“That (victory) would, of course, empty the Kampala negotiations of its last sense and meaning, and it would also create a situation where the international partners of the framework agreement would lose the possibility to pressure the Congolese government on its bits and pieces of the agreement, such as good governance and reforms,” Kris Berwouts, an independent Central Africa expert, told The EastAfrican.
On February 24, 11 African leaders, in a delayed deal brokered by UN Secretary-General Ban Ki-moon, signed the Peace and Security Framework Accord, which is widely seen as the best hope for ending the endemic violence in the mineral-rich region.
Both Rwanda and Uganda were signatories to that accord.
The final Nairobi communiqué placed emphasis on the Kampala talks, urging the M23 and Kinshasa to conclude them “as soon as possible.” It also backed the Congo peace accord signed in Ethiopia.
“The summit and the communiqué seem an attempt to put the focus back on Kampala and the agreement,” said Mr Berwouts.
Rwanda and DRC were urged to “continue with their bilateral discussions in order to strengthen mutual confidence and co-operation” between them, in an acknowledgment of the strained relations between the two, some of which played out in Nairobi.
The ICGLR however threw in a warning to the parties in the conflict, reaffirming its support for the intervention brigade in order to eradicate “all negative forces.”
The expert said it was however notable that Rwanda sent only the foreign minister to a summit attended by three heads of state and three vice-presidents and heavily backed by the region’s economic blocs.
DR Congo, South Africa, Mozambique, Congo Republic, Tanzania, Angola, Burundi, Central African Republic and Zambia also signed the Addis accord, which calls on regional nations to refrain from interfering in each other’s affairs.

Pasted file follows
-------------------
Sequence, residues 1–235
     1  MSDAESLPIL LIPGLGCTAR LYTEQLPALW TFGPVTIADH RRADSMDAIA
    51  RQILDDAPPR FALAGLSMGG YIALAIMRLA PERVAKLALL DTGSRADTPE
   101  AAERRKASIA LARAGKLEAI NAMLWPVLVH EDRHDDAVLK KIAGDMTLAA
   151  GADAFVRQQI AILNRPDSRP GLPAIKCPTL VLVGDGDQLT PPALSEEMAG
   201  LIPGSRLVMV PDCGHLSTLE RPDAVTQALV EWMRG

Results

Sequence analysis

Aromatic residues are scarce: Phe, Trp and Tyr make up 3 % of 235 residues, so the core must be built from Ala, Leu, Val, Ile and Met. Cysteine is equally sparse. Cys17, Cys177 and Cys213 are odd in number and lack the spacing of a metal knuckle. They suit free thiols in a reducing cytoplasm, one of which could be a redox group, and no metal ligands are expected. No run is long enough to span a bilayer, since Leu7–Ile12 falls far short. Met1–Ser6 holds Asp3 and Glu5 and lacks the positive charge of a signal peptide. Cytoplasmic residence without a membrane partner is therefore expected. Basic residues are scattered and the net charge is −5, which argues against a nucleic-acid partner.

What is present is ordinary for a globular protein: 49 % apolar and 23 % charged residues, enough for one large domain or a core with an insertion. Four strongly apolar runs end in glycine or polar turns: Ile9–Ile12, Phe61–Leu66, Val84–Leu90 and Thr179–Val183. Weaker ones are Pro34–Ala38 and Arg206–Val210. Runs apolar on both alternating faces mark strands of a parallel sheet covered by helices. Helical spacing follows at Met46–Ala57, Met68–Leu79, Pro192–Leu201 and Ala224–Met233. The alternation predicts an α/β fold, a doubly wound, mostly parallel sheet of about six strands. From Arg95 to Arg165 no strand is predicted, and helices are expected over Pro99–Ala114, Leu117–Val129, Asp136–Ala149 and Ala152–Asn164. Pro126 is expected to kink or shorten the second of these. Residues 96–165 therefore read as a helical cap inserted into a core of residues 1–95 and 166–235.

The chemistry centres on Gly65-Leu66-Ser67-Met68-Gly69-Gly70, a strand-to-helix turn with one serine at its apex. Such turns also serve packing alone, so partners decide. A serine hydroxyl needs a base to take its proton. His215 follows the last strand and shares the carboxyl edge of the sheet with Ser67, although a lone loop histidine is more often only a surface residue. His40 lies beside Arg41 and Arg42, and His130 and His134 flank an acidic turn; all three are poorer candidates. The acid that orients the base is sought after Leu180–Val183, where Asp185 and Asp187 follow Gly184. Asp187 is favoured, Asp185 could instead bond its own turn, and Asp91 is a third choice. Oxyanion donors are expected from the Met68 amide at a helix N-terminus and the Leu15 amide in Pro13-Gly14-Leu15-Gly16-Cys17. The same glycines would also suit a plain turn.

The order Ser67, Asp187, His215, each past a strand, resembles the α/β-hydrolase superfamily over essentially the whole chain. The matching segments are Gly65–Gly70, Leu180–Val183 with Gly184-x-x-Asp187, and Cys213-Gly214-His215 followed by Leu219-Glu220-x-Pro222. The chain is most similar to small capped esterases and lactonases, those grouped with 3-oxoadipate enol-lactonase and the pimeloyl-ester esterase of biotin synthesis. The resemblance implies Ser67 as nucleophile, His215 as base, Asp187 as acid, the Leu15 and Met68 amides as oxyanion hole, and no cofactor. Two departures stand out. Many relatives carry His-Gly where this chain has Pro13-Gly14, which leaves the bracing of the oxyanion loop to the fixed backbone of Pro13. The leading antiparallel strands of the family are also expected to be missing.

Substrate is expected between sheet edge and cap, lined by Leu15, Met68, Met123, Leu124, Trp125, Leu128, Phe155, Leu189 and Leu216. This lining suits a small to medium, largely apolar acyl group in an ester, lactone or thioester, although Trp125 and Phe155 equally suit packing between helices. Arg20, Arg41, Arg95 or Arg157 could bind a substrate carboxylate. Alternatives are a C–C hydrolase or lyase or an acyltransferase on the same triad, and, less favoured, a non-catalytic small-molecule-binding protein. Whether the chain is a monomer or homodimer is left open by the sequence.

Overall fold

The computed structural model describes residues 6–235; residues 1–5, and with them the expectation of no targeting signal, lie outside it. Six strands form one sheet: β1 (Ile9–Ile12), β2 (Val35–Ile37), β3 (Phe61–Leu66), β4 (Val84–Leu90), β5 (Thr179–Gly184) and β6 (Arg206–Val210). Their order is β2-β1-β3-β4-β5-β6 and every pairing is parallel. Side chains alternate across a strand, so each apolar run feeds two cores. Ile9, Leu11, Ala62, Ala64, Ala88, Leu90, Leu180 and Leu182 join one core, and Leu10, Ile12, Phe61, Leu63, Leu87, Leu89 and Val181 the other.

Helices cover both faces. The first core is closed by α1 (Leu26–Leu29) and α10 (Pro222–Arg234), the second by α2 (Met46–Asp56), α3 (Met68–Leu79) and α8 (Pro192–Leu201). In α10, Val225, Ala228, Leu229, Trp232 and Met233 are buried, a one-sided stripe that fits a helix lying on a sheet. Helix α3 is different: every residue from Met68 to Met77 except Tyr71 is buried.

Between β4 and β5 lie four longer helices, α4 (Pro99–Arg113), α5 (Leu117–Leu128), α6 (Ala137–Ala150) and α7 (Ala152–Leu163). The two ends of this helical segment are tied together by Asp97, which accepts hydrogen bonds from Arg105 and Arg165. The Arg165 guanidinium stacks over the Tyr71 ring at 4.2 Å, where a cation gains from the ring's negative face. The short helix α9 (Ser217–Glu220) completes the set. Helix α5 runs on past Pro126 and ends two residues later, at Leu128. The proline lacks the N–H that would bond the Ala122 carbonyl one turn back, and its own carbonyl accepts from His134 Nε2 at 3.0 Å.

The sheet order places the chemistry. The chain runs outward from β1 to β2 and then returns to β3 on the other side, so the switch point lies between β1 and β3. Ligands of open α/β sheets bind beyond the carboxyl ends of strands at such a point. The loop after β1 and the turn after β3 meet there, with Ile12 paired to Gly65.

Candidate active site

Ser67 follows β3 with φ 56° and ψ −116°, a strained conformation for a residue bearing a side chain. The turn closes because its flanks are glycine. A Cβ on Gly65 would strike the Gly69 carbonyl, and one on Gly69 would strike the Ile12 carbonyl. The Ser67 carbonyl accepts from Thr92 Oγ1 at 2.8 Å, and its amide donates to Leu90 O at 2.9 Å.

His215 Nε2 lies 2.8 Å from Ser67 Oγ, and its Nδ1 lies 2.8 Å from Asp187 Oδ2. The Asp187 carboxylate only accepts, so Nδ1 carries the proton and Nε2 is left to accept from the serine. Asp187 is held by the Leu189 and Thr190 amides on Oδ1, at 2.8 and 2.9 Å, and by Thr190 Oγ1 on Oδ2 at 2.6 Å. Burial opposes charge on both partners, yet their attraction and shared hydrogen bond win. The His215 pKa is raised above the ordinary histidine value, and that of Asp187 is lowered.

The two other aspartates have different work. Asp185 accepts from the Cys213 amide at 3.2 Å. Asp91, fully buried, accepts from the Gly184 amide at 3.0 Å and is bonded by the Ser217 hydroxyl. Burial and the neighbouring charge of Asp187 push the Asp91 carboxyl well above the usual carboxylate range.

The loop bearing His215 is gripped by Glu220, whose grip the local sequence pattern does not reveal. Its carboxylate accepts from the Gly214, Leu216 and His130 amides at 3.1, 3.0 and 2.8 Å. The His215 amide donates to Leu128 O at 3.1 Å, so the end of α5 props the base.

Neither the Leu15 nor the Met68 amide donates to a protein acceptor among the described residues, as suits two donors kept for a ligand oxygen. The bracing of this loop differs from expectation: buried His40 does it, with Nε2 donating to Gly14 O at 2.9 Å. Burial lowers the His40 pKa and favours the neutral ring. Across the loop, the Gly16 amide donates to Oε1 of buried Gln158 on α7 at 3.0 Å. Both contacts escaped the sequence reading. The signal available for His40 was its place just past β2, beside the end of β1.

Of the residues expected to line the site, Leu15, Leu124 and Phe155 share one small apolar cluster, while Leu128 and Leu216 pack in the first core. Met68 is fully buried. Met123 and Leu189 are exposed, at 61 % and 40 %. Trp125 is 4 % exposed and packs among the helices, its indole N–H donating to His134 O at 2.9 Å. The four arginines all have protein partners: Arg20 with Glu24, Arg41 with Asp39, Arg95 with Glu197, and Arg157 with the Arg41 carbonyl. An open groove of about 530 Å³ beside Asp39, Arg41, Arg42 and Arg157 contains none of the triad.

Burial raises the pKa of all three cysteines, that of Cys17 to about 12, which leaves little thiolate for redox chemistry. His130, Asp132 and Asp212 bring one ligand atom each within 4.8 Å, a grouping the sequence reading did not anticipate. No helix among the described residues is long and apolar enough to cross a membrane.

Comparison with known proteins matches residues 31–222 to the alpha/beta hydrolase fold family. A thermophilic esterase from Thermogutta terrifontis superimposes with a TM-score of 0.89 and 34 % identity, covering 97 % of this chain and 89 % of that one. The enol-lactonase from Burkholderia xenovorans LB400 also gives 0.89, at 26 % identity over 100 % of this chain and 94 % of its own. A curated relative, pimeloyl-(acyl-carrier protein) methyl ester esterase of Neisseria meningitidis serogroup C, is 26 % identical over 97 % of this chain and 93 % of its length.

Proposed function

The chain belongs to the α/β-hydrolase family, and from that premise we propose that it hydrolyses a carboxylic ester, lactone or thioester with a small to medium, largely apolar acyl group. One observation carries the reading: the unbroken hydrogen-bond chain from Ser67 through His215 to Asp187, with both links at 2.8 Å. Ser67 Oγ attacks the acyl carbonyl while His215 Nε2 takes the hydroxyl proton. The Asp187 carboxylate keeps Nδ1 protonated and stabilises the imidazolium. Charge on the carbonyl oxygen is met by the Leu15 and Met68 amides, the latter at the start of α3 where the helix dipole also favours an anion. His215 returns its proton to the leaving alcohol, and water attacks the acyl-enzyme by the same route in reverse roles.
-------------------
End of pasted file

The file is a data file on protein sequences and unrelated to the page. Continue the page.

Following last week’s summit, Kenya and Sudan’s request to be co-opted into the framework were granted. Justifying Nairobi’s application, President Uhuru Kenyatta argued that the conflict had the potential to drain the economic power of stable countries such as Kenya.
“The security situation within and among a number of member states is a critical issue because of its impact on regional stability, which in turn inflicts, or threatens to inflict, undesirable effects on our peoples’ social and economic development,” he said at the opening of the summit.
Observers say Kenya’s main interest is mainly economic as it perceives DRC as an untapped vast market.
The summit also welcomed the planned organisation of an international donor conference together with UN Special Envoy for the Great Lakes Region Mary Robinson to raise funds for development for the troubled region.
In May, the World Bank announced a $1 billion development funding for the crisis-wracked Great Lakes as it sought to tackle the underlying economic causes of the conflict.
The interest-free cash was to support the February peace deal in an effort to close a debilitating war.
In Nairobi, the strained relationship between Uganda and Sudan was also addressed. Khartoum has filed a complaint with the AU and the ICGLR over what it claimed was Uganda’s support for rebel insurgents against it.
Kampala also accused Khartoum of providing support and refuge to the once-feared Ugandan rebel group, the Lord’s Resistance Army (LRA).
President Museveni also demanded that the DRC army protect its citizens instead of complaining about foreign interference. “DRC has a duty to protect its citizens, but it has no effective army. If DRC feels the rebels are from Rwanda, kill them and bring the bodies so that we can see them,” he said.
In a rejoinder to Rwanda and Uganda, Congolese Foreign Affairs Minister Raymond N’tungamulongo told the summit the causes of the violence in eastern Congo were both “internal and external.”